1 Introduction

In this paper we investigate the Steiner cycle and Steiner path problem on interval graphs. To our knowledge, these problems have not been studied for this specific graph class. However, the Hamiltonian cycle and Hamiltonian path problem, which are special cases of the Steiner variants, are extensively studied for interval graphs and can be solved in linear time, if the intervals are given as an endpoint sorted list (Hung and Chang 2011; Keil 1985; Arikati and Rangan 1990; Manacher et al. 1990).

Steiner path problems have already been studied for other special graph classes, like trees (Moharana et al. 2013) and directed co-graphs (Gurski et al. 2020a, b). For the feasibility variant of the Steiner cycle problem, the so-called k-cycle problem an exact FPT algorithm has been obtained (Wahlström 2013). Also, the Steiner cycle polytope has been studied (Salazar-Gonzalez 2003) and approximation algorithms were studied (Steinová 2010). Steiner cycles have applications in the optimal design of reliable telecommunication and transportation networks (Steiglitz et al. 1969).

In this work we generalize the algorithms of Manacher et al. (1990) to the Steiner setting and obtain first linear time algorithms for the Steiner path cover and Steiner cycle problem on interval graphs. To obtain our results we extend the tools introduced in Hung and Chang (2011), and prove an elegant skipping lemma for the Steiner setting.

2 Definitions and preliminary results

As usual, we denote by \(G=(V,E)\) a graph, where V is the set of vertices and E is a set of pairs of vertices (two element sets of vertices), the edges. Given an interval \(i = [x, y]\) we denote the left endpoint x by \({\text {l}}(i) = x\) and the right endpoint y by \({\text {r}}(i) = y\). Let \(I = (i_{1}, i_{2}, \dots , i_{n})\) be a list or set of n intervals. We denote by G(I) the interval graph of I. The vertices of G(I) correspond to the intervals of I. Two intervals \(i, i' \in I\) are connected by an edge in G(I) if \(i \ne i'\) and \(i \cap i' \ne \emptyset \).

For an arbitrary graph \(G = (V, E)\) a list of vertices \(P = (v_{1}, v_{2}, \dots , v_{l})\) is a (simple) path if those vertices are pairwise distinct and for each \(j=1,2,\dots ,l-1\) it holds that \(\{v_{j}, v_{j+1}\} \in E\). The start of P is denoted by \({\text {start}}(P) = v_{1}\) and the end of P is denoted by \({\text {end}}(P) = v_{l}\). We define \({\text {rev}}(P)\) as the reverse path \((v_{l}, v_{l-1}, \dots , v_{1})\) of P. If in addition \(\{v_{l}, v_{1}\} \in E\) holds, then we call P a (simple) cycle. For ease of writing we sometimes abuse notation and consider P as a set instead of a list, to allow for the use of set operations. Given two paths P and Q and a vertex v we also write (PQ) for the concatenation of P and Q, and (Pv) for the concatenation of P and v.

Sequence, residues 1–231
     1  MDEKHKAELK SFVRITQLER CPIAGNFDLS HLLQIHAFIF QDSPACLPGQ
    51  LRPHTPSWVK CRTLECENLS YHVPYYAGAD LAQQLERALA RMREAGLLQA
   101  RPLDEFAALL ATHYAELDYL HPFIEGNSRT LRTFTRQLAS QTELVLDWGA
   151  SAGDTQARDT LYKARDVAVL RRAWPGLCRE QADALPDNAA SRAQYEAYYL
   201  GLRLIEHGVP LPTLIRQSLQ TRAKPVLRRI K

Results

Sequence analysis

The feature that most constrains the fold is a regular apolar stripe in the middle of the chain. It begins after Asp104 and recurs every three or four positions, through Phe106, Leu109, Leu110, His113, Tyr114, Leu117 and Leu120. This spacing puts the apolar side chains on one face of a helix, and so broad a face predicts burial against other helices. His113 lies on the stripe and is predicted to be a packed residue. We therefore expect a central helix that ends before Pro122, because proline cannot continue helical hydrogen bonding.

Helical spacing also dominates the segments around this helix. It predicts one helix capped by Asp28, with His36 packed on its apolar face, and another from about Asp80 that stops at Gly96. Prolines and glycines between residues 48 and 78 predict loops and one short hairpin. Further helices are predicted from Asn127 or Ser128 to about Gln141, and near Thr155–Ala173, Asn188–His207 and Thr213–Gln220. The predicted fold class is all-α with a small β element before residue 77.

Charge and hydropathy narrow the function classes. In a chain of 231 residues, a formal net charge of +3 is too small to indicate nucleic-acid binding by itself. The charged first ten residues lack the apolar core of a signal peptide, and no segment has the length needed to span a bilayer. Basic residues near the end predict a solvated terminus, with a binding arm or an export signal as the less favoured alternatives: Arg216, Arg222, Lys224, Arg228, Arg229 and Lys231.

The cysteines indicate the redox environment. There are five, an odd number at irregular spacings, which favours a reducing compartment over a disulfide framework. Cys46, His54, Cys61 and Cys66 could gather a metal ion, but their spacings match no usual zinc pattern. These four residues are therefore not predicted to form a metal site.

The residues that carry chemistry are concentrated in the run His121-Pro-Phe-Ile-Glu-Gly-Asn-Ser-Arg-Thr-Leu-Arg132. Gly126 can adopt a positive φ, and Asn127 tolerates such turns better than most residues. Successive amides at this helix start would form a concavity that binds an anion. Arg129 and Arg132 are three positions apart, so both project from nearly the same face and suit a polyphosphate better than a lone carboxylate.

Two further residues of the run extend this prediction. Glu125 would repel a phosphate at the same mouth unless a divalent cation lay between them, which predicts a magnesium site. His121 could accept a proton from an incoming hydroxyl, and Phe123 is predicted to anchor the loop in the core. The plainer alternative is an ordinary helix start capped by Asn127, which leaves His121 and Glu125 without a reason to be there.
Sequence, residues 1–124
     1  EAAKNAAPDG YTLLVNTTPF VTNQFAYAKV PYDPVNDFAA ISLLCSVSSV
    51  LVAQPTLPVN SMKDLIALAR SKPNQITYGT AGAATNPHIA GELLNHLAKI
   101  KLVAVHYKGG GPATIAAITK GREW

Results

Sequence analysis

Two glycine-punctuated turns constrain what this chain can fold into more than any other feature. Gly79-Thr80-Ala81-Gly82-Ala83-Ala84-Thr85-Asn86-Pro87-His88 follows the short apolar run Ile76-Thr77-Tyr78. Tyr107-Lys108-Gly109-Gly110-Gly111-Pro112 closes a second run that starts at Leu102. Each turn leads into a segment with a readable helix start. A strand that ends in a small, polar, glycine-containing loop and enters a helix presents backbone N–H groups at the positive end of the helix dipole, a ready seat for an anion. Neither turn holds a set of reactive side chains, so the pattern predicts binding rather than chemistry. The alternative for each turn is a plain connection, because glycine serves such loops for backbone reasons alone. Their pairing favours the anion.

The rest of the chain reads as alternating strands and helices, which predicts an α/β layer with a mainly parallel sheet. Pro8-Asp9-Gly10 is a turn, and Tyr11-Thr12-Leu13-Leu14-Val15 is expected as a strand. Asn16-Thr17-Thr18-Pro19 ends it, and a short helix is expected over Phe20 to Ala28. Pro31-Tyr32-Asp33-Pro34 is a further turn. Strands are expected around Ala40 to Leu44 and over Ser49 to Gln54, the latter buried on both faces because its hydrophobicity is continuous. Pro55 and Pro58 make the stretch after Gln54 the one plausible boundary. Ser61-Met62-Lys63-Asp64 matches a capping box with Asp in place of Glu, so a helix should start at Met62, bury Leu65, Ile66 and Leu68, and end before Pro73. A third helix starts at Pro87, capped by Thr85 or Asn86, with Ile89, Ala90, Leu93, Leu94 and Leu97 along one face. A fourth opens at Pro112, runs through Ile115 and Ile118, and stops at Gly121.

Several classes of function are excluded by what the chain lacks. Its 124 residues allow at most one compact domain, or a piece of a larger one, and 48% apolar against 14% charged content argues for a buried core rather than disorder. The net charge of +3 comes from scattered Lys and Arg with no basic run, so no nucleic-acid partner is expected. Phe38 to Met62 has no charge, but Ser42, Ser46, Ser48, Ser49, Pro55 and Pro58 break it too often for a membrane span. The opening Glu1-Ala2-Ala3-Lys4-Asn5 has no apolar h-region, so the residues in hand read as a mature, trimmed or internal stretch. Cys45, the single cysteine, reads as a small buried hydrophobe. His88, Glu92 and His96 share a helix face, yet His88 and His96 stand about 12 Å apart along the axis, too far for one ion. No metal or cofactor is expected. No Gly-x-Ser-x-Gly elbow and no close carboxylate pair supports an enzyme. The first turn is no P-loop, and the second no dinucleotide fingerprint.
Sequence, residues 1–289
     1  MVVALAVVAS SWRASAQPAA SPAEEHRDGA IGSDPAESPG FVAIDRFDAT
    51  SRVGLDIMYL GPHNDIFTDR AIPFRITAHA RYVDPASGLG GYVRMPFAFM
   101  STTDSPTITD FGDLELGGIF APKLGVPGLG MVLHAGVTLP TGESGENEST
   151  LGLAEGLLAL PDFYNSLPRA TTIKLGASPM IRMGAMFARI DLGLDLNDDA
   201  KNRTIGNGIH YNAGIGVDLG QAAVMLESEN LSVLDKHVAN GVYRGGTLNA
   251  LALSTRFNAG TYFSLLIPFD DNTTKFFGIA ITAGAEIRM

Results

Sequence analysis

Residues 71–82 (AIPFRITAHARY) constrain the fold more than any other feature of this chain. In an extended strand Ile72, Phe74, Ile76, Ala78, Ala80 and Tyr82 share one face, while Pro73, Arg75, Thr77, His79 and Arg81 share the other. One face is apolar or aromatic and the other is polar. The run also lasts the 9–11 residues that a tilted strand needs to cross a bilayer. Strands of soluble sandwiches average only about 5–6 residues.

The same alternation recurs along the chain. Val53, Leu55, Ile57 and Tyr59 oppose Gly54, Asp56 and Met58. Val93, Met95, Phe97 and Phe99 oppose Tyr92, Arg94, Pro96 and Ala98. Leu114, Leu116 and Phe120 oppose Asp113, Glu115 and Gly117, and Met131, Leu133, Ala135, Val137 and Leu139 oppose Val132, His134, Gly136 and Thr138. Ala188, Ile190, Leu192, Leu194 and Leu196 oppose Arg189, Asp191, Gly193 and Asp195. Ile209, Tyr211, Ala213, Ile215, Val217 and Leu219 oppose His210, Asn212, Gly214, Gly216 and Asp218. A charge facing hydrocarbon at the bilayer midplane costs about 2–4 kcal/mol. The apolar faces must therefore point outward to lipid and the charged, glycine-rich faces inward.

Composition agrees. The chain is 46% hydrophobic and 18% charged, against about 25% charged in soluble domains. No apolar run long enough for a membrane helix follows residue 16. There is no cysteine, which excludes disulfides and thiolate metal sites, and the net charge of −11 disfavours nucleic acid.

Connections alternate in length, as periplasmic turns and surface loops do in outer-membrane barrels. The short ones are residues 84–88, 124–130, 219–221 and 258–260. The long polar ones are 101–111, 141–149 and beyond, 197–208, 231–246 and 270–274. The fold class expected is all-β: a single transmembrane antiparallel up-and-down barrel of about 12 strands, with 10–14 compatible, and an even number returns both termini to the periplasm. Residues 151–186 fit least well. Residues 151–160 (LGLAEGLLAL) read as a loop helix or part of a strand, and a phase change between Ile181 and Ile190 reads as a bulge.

Given a set \(S \subseteq V\), a Steiner cycle is a cycle C in G such that \(S \subseteq C\). A Steiner path cover of G is a set \(\{P_{1}, P_{2}, \dots , P_{k}\}\) of pairwise disjoint paths in G such that \(S \subseteq \bigcup _{j=1}^{k} P_{j}\). The Steiner path cover number \(\pi _{S}(G)\) is the the minimum cardinality of a Steiner path cover of G. If \(\pi _{S}(G) = 1\) we say that G has a Steiner path.

A set \(C \subseteq V\) is called a cutset of G if \(G-C\) is disconnected. A set of vertices \(T \subseteq V\) is called an island with respect to C, if T is not adjacent to any vertex in \(V\setminus (C \cup T)\). T is called an S-island with respect to C, if T is an island with respect to C and \(S \cap T \ne \emptyset \).

The following two results for general simple graphs are generalizations of two observations by Hung and Chang (2011).

Proposition 2.1

Let C be a cutset of G and \(g_{S}\) the number of connected components K in \(G-C\) such that \(K \cap S \ne \emptyset \). Then, \(\pi _{S}(G) \ge g_{S} - |C|\).


Let \((P_{1}, P_{2}, \dots , P_{k})\) be a Steiner path cover of G. For every \(P_{j}\) let \(g_{j}\) be the number of components K of \(G-C\) with \(K \cap S \ne \emptyset \) and \(K \cap P_{j} \ne \emptyset \). The \(P_{j}\) must use at least \(g_{j} - 1\) distinct vertices from C to reconnect itself from those different components of \(G-C\), i.e., \(|P_{j} \cap C| \ge g_{j} - 1\). Now, since paths of a path cover are vertex disjoint, we have that \(|C| \ge \sum _{j=1}^{k} (g_{j} - 1)\). Finally, from the fact that \(\sum _{j=1}^{k} g_{j} \ge g_{S}\), we get \(k \ge g_{S} - |C|\), which proves our claim. \(\square \)

Proposition 2.2

Let C be a cutset of G and \(g_{S}\) the number of connected components K in \(G-C\) such that \(K \cap S \ne \emptyset \). If \(g_{S} > |C|\), then G has no Steiner cycle.


A Steiner cycle needs to connect all components K of \(G-C\) with \(K \cap S \ne \emptyset \). For each such connection a distinct vertex from C has to be used. Since it is a cycle, it has to be closed, hence \(g_{S}\) such connections are necessary. This implies that if \(g_{S} > |C|\) no Steiner cycle can exist. \(\square \)

We use these results to solve the Steiner path cover problem (see Sect. 3) and the Steiner cycle problem (see Sect. 4) on interval graphs efficiently. Throughout the paper we assume that |S| is known to the algorithms and queries \(i \in S\) can be performed in O(1) time.

3 The Steiner path cover problem

We show that the basic greedy principle, that is at the core of efficient algorithms for the path cover problem on interval graphs, can be generalized by the introduction of neglectable intervals. But first we explain the basic greedy principle to find paths in interval graphs that was introduced independently by Manacher et al. (1990) and Arikati and Rangan (1990).

Given an endpoint sorted list of intervals we number those intervals as \(i_{1}, i_{2}, \dots , i_{n}\) in increasing order with respect to their right endpoint, hence \(r(i_{j}) < r(i_{j+1})\) for all \(j = 1,2,\dots ,n-1\). (Such a numbering can be easily obtained in O(n) time using a list which is sorted by endpoints of the intervals and is assumed for the rest of this paper. W.l.o.g. we can assume that \(r(i_{j}) \ne r(i_{k})\) for \(i \ne k\). ) The algorithm iteratively constructs a path P. It starts with the path \(P := (i_{1})\) containing only the first interval. Then in each iteration it extends P by the unique neighbor of \({\text {end}}(P)\) which is not already contained in P with minimum right endpoint. If no such extension is possible the algorithm terminates with the current path P as an output. We denote this algorithm by \(\mathbf {GP}\) and the path P obtained by this algorithm by \(\mathbf {GP}(I)\).